• Photo of a Burden Bearer
    Photo of a Burden Bearer
  • WordNet 3.6
    • n bearer someone whose employment involves carrying something "the bonds were transmitted by carrier"
    • n bearer the person who is in possession of a check or note or bond or document of title that is endorsed to him or to whoever holds it "the bond was marked `payable to bearer'"
    • n bearer a messenger who bears or presents "a bearer of good tidings"
    • n bearer one of the mourners carrying the coffin at a funeral
    • ***
Webster's Revised Unabridged Dictionary
  • Interesting fact: There are seven suicides in the Bible: Abimelech. Samson, Saul, Saul's armor-bearer, Ahithophel, Zimri, Judas.
    • Bearer A palanquin carrier; also, a house servant.
    • Bearer (Print) A strip of reglet or other furniture to bear off the impression from a blank page; also, a type or type-high piece of metal interspersed in blank parts to support the plate when it is shaved.
    • Bearer A tree or plant yielding fruit; as, a good bearer .
    • Bearer (Com) One who holds a check, note, draft, or other order for the payment of money; as, pay to bearer .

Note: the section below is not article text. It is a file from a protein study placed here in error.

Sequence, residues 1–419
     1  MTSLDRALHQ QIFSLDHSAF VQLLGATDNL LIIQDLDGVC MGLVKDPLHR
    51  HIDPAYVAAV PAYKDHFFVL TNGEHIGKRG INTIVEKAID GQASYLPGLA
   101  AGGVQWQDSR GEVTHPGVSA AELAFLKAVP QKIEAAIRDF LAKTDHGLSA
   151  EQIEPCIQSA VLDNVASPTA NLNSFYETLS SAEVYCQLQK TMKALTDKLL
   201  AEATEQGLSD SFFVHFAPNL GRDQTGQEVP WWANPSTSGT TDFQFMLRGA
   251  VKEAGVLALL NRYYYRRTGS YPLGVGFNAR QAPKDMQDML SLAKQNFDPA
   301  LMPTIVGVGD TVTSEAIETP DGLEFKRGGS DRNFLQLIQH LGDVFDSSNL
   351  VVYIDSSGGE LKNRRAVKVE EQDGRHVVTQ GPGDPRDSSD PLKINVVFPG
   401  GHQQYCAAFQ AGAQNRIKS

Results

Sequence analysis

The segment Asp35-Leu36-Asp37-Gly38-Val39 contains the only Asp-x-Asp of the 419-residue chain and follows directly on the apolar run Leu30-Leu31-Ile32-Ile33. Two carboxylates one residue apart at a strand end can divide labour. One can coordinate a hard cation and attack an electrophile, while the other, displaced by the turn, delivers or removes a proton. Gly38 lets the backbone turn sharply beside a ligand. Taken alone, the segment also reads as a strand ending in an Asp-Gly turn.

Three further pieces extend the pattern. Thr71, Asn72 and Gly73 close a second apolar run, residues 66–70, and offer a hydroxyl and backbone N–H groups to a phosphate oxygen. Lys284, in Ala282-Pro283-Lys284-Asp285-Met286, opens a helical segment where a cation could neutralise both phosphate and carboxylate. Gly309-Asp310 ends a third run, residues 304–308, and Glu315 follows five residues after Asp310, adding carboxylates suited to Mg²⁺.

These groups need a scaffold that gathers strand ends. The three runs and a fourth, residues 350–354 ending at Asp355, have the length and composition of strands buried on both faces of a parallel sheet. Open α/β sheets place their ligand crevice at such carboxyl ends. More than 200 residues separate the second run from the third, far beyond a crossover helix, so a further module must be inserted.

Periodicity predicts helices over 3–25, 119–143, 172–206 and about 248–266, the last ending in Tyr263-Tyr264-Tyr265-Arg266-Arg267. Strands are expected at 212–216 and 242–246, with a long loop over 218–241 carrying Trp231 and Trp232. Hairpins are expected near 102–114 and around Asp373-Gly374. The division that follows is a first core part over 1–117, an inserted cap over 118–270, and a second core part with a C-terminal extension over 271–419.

• Bearer One who, or that which, bears, sustains, or carries. "Bearers of burdens.""The bearer of unhappy news."
    • Bearer Specifically: One who assists in carrying a body to the grave; a pallbearer.
    • ***
Century Dictionary and Cyclopedia
    • n bearer One who bears, carries, or sustains; a carrier; specifically, one who carries anything as the attendant of another: as, St. Christopher, or the Christ-bearer (the meaning of the name); a sword-bearer, an armor-bearer, a palanquin-bearer, etc.
    • n bearer One who carries a body to the grave; a pall-bearer.
    • n bearer In India: A palanquin-carrier. A domestic servant who has charge of his master's clothes, furniture, etc.
    • n bearer In banking and com., one who holds or presents for payment a check or order for money, payment of which is not limited by the drawer to a specified individual or firm. Checks payable to bearer need no indorsement.
    • n bearer One who wears anything, as a badge or sword; a wearer.
    • n bearer In old law, one who bears down or oppresses others by vexatiously assisting a third party in maintaining a suit against them; a maintainor.
    • n bearer Any part of a structure or machine that serves as a support to some other part A support for the fire-bars of a furnace. The support of the puppets in a lathe. plural In a rolling-mill, the housings or standards in which the roller-gudgeons turn. One of the strips which extend over a molding-trough and serve to support the fiask.